The project area is located just north and east of the Lake Sammamish State Park boat launch and ELSP. In the 1800s, this area was deforested (including the creek path), the creek was channelized, wetlands near the lake shore were converted to farmland, and a railroad was constructed along the east side of Lake Sammamish to serve the numerous lumber mills along the lake shore. The earliest arial photograph of the area, taken in 1936 (see gallery), shows a still-mostly deforested landscape, the channelized creek, and farmlands, while the railroad is gone, indicative of the demise of the local timber industry following areawide deforestation. Some land has been restored to wetland, with the notable exception of the boat launch area and the adjacent private properties to the north.
- East of ELSP: Laughing Jacobs Falls drops down from the Plateau to Hans Jensen State Park (the project’s eastern border). Here the creek runs through mature forest, but the corridor is narrow and restricted by its proximity to ELSP. There is some armoring of the creek channel. A second tributary, Many Springs Creek, flows from the north. Many Springs Creek is also considered potentially good habitat for kokanee. (Note: it currently crosses under ELSP via a separate, adjacent culvert.)
- ELSP: Laughing Jacobs Creek flows under ELSP via a 48″ pipe culvert. While kokanee have been observed on the upstream of this culvert, migration is highly dependent on flow, and is therefore considered a significant barrier.
- West side of ELSP: Laughing Jacobs Creek is joined by Many Springs Creek, and flows through three private lots on its way to the lake. (The mouth is potentially good rearing habitat for juvenile Chinook.) These lots were once farm land. The creek in this reach has not been allowed to recover, having the following characteristics:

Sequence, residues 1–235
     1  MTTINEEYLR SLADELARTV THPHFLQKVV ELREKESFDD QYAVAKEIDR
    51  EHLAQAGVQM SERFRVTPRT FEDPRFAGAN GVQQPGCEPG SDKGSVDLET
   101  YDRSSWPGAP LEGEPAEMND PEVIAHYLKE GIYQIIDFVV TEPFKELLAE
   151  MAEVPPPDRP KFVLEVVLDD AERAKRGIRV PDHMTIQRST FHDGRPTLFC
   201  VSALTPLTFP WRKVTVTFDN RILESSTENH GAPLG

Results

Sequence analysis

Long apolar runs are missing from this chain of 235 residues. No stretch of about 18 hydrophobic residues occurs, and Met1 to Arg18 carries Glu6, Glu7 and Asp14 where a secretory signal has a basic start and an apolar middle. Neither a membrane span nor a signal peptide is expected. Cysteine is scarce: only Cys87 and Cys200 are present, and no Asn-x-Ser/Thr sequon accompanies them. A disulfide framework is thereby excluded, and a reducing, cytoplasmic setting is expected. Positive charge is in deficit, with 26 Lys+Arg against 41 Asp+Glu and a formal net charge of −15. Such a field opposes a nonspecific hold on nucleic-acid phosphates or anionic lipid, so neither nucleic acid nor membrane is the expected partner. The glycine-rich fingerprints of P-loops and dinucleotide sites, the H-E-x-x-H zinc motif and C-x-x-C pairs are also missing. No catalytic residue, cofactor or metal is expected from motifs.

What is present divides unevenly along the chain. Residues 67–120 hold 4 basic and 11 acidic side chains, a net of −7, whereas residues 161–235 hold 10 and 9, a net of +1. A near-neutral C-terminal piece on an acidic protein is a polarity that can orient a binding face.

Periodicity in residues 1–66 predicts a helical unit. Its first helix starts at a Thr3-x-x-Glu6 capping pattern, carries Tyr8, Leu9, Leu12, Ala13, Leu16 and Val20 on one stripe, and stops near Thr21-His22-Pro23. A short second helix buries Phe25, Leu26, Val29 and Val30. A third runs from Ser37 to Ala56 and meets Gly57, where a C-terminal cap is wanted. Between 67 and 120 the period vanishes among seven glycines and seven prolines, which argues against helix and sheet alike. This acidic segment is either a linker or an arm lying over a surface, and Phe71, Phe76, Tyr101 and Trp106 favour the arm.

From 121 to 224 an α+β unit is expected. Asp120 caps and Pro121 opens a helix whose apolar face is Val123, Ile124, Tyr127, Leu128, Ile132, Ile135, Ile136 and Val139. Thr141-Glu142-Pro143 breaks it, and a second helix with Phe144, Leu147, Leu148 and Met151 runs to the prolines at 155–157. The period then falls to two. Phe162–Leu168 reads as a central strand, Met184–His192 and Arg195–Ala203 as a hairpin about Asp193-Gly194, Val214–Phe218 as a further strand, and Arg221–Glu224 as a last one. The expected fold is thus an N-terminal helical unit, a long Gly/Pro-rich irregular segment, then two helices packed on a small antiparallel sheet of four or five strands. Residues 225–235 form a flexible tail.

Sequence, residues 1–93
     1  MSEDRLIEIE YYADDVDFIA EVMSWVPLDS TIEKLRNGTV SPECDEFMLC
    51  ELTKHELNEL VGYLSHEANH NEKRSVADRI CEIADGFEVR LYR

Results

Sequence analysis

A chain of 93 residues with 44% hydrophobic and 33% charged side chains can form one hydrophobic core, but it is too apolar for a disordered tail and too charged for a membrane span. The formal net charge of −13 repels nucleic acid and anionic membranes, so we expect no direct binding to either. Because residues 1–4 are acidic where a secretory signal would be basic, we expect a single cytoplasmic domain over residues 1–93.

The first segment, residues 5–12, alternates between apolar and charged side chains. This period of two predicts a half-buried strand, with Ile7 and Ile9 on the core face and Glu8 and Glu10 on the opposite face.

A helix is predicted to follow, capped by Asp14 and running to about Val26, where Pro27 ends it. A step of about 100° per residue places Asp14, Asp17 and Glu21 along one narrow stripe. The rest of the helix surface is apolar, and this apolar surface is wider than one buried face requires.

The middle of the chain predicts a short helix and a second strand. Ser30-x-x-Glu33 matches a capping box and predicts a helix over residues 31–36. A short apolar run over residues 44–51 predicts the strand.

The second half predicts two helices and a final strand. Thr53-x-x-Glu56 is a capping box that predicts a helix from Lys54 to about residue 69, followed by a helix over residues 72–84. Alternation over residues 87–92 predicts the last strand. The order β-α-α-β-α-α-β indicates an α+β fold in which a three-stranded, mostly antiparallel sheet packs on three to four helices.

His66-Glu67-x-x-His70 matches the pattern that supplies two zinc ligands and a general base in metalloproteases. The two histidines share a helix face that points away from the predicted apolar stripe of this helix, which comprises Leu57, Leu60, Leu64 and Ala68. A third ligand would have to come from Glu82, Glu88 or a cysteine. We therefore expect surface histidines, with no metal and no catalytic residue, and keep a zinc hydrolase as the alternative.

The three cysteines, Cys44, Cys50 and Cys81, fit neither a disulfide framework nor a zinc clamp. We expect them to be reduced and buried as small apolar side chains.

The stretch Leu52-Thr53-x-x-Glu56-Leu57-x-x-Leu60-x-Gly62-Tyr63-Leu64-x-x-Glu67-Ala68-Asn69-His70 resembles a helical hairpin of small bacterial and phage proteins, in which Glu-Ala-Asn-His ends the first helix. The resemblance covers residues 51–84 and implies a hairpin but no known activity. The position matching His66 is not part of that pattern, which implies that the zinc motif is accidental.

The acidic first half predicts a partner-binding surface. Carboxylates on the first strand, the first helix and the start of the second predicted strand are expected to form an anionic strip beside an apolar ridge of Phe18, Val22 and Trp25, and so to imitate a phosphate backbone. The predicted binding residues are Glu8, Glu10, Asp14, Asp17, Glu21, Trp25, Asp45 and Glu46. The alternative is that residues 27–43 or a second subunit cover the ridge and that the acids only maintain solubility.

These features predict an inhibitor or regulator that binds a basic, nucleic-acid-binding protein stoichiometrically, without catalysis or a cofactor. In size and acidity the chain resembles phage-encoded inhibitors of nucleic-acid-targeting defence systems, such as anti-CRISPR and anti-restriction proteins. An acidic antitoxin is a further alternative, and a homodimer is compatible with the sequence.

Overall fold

- Lawn and landscaped fields
- Little riparian cover or shade
- Some areas are choked with invasives
- Armored banks
- To replace the 48″ pipe culvert at ELSP with a fish-passable culvert, and
- To restore reaches of Laughing Jacobs Creek upstream of ELSP (WILL THERE BE ANY RESTORATION OF MANY SPRINGS CREEK???) for spawning kokanee, coho and cutthroat trout.
Future goals: work with private landowners on the west side of ELSP to restore riparian and in-stream habitat, including the mouth of the creek at Lake Sammamish.
The Kokanee Work Group evaluated three “alternatives” and selected Alternative 3. The restoration plan will:
- Replace the two existing culverts for Laughing Jacobs Creek and Many Springs Creek with a single, 25-foot wide box culvert passage with fish-friendly features.
- Relocate the confluence of Many Springs Creek and Laughing Jacobs Creek to the east side of ELSP — to within the boundaries of Washington State Parks.
- Realign (relocate) a significant section of Laughing Jacobs Creek, away from the east side of ELSP, and further into mature-forest State Park land. This will:
- Provide a much larger riparian buffer along both sides of the channel.
- Allow for better long-term natural “recruitment” of fallen wood from the existing forest. (Fallen wood, over time, creates stream diversity, cover for fish, depressions in the stream bed, and helps retain spawning gravels.)
Highlights of the proposed creek channel:
It is intended to create a “mini floodplain within the stream corridor.”
- It will be wider, allowing the creek to naturally migrate and sort sediment and gravel.
- It will be a “two-stage channel” consisting of:
- a low flow channel and
- thin benches a foot above the channel bottom on each side, in order to spread higher flows across a wider area.
The Issaquah School District is constructing three schools within one mile upstream of the project area: a high school, a middle school and an elementary school. These projects will include a significant amount of impervious surface, thereby contribute additional flow to the creek during storm events, while reducing groundwater recharge, depriving the creek of that water during the summer. Increased flow during storm events will contribute to scouring of the creek bed and spawning beds. The City of Issaquah and the Kokanee Work Group should consult the school district on what additional stormwater measures can be taken to protect Laughing Jacob Creek salmonids. Additionally, the planned artificial turf football field should be reviewed for its potentially lethal effect on coho salmon attributable to rubber infill derived from recycled tires.